From the court to the stage

by , on February 6, 2012

This review is based on the January 27 opening show, with the cast that features Red Concepcion as Quito, OJ Mariano as Paco, Jeremy Aguado as Tommy and Athena Tibi as Reena.

The clash between the blue and the green often goes beyond the basketball court. For the extreme diehards out there, it permeates the home, the workplace, business and even politics.

For the very first time, Ateneo and La Salle take this old school tradition to the stage in an all-new original musical called Rivalry: Ateneo–La Salle The Musical.

The show makes an effort to combine two widely different realms of interest, namely college basketball and musical theater. At first glance, the two may not conventionally mix, but Rivalry shows how they can work together given a good libretto and a strong veteran cast.

Rivalry takes the audience back to 1968, when the Ateneo Blue Eagles and the La Salle Green Archers were still part of the NCAA. As the men’s basketball semifinals reveal the possibility of an Ateneo–La Salle finals match-up, tensions begin to rise between the green-blooded Basilio family and the blue-blooded Valencia family. The sons, Tommy Basilio (Jeremy Aguado) and Paco Valencia (OJ Mariano), are the stars of their respective teams, and the only thing greater than their animosity toward each other is the pressure to lead their own teams to victory.

It doesn’t help that Tommy and Paco are cousins, with their fathers at each other’s throats as well. This goes back to unforgiving tensions involving hoop and business. Further complicating matters is—as always—a beautiful Maryknoller named Reena San Jose (Athena Tibi), who, after enduring heartbreak, promises herself that she’ll never get involved with another guy again (“Let alone an arrogant Atenean or a smooth-talking La Sallian!”). As for the timid, younger Valencia son, Quito (Red Concepcion), he just wants everyone to get along. After all, “basketball is just a game,” he says.

There were a number of technical difficulties that were rather distracting, such as the malfunction of the lapel microphones and several scenes where the music drowned the actors’ voices out. Aguado looked too old for his role as a thriving college basketball player, which made it sometimes difficult to believe the love story between him and Tibi’s character Reena. A few of the song numbers dragged on longer than it should have, bringing down the pace of the show.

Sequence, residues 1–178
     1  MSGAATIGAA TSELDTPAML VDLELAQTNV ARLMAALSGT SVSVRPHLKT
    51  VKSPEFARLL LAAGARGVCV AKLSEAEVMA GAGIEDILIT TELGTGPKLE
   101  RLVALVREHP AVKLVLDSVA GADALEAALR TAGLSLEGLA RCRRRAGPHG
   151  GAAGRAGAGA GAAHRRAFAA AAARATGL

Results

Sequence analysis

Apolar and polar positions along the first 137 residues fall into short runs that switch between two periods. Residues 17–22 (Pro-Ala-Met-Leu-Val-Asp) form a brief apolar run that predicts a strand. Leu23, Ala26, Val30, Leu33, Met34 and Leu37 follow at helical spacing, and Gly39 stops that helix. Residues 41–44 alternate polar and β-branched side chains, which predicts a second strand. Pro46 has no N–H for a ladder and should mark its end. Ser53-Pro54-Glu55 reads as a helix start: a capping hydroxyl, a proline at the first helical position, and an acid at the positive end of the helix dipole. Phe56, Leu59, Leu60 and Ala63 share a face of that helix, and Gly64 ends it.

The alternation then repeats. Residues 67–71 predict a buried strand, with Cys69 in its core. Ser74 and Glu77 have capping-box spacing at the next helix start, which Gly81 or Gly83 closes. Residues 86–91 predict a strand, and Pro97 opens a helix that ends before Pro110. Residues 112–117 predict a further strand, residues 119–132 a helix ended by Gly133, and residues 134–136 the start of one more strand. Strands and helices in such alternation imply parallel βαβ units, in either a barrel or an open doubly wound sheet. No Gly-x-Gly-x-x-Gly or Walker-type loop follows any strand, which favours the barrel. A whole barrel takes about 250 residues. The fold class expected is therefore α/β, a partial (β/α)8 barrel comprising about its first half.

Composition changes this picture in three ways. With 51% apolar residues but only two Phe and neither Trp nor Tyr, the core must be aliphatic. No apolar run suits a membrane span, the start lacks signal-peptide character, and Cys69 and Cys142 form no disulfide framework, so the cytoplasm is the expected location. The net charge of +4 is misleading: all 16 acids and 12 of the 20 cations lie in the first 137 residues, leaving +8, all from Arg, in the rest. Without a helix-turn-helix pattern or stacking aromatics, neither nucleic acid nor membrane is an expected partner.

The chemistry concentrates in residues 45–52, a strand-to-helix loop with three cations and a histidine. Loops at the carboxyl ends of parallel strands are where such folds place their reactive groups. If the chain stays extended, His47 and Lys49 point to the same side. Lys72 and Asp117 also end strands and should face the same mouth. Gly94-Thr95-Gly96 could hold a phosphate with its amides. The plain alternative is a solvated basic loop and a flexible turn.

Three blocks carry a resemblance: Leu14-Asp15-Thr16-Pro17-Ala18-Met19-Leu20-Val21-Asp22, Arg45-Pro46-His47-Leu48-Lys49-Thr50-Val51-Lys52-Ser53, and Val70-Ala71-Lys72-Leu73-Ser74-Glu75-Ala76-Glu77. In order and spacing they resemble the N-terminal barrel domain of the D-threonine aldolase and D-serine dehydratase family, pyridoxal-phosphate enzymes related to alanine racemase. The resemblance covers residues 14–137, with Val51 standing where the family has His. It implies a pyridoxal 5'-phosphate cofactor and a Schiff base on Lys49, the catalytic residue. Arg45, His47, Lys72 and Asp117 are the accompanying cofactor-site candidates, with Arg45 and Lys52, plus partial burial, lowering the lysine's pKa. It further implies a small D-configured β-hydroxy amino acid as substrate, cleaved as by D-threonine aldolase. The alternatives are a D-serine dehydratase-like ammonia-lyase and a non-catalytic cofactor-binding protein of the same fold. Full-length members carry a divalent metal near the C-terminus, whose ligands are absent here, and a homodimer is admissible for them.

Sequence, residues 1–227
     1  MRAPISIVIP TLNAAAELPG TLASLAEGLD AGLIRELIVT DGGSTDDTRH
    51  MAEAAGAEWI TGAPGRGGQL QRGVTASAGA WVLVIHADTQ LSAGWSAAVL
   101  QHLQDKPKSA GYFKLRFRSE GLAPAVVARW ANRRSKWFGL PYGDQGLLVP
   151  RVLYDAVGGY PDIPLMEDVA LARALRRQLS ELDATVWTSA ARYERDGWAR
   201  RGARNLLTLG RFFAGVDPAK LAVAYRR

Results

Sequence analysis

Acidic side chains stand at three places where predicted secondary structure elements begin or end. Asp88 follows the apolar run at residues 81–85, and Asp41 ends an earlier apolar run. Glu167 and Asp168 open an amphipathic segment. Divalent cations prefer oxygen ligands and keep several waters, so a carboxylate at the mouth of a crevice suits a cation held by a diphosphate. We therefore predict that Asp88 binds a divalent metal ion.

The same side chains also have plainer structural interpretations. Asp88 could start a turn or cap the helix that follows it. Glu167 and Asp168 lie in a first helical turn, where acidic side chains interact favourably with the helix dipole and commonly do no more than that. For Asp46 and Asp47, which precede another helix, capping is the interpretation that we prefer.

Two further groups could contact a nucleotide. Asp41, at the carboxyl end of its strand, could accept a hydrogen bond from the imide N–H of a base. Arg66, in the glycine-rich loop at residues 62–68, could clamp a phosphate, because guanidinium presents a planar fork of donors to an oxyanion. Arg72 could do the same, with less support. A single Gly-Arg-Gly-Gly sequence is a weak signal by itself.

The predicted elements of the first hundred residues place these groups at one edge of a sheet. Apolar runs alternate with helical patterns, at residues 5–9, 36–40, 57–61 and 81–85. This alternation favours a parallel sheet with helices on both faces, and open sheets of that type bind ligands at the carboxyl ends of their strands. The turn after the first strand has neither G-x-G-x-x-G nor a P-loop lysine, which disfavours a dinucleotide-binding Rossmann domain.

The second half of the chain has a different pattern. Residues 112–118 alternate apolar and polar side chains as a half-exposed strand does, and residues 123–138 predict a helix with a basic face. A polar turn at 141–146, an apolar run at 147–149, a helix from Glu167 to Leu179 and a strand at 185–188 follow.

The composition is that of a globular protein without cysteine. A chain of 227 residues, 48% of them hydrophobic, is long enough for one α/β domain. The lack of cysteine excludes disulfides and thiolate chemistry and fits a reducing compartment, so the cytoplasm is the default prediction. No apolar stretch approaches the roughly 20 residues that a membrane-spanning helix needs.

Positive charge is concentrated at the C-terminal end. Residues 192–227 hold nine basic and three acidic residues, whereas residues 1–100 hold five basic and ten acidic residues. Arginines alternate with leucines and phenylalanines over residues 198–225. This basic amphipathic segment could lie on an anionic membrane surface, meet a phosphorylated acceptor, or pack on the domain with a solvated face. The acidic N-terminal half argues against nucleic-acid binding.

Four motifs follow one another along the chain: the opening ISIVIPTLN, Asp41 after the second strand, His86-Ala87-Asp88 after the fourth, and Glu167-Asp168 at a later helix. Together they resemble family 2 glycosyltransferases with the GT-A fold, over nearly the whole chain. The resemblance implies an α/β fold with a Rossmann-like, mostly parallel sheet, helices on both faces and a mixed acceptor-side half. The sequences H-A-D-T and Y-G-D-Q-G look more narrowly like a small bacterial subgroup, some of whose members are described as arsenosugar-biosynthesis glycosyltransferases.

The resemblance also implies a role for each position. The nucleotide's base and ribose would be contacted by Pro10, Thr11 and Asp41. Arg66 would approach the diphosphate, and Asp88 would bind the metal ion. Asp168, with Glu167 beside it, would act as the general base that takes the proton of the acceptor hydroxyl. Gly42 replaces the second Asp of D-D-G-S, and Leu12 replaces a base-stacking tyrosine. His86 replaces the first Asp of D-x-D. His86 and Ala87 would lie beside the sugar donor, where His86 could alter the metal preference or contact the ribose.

While the plot of Rivalry is hardly anything new, it certainly makes the show relatable and appealing to the Filipino audience, with its themes of family, love and loyalty.

The veteran cast also helped bring the story to life. Red Concepcion shines as Quito, making it easy for the audience to buy his earnest portrayal of a young undergraduate who believes blood is stronger than even the spirit of the Sixth Man or of the animo. Lolo Eliseo Genaro (Noel Trinidad) steals the show in his brief appearance in a vaudeville-inspired number that traces the beginnings of the Ateneo–La Salle rivalry and hints at which school really reigns supreme.

At first, it is easy to be disappointed by the lack of basketball scenes, but even the most devoted hoops fan will appreciate the indirect portrayal of the mountings of the Ateneo–La Salle basketball rivalry through its effects: the pressure from parents and coaches, the incessant hounding from the media and the divides formed between family and friends. The energy that comes with watching an Ateneo–La Salle basketball game live is very much present, thanks to enthusiastic audience participation: alumni in blue or green cheering right along with the crowd onstage and applauding to the witty barbs aimed at the members of the other school.

The wardrobe was nicely done and stayed true to the late ‘60s fashion—they even had the vintage Ateneo basketball jerseys that featured a single blue “A” on the front. There were even a few references to local ‘60s culture and history, such as the “Little Quiapo” and the Harlem Globetrotters visit to the Philippines.

Even with its flaws, Rivalry still manages to entertain. It’s an interesting and rather unusual endeavor to have renowned people in the local musical theater industry create something as a tribute to sports and the culture that comes with it. By using a more mainstream theme in a niche part of culture, Rivalry succeeds in bringing theater to a much more diverse audience.

Editor’s note: Catch Rivalry: Ateneo–La Salle The Musical at the Meralco Theater until March 11. For ticket inquiries, call Ticketworld at 891-9999 or visit www.ticketworld.com.ph.

Rating: ★★★☆☆ 

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Directed by Jaime del Mundo

Music by Ed Gatchalian

Lyrics by Joel Trinidad

Choreography by Nancy Crowe

Starring Athena Tibi, Felix Rivera, Red Concepcion, Noel Trinidad, Jeremy Aguado, Mako Alonzo, Raymund Concepcion, Juliene Mendoza, OJ Mariano, Sheila Francisco, Jenny Nuida-Tatlonghari, Raul Montesa, Chino Veguillas, Meynard Penalosa, Ashley Immler

Presented by The 4th Wall Theatre Company

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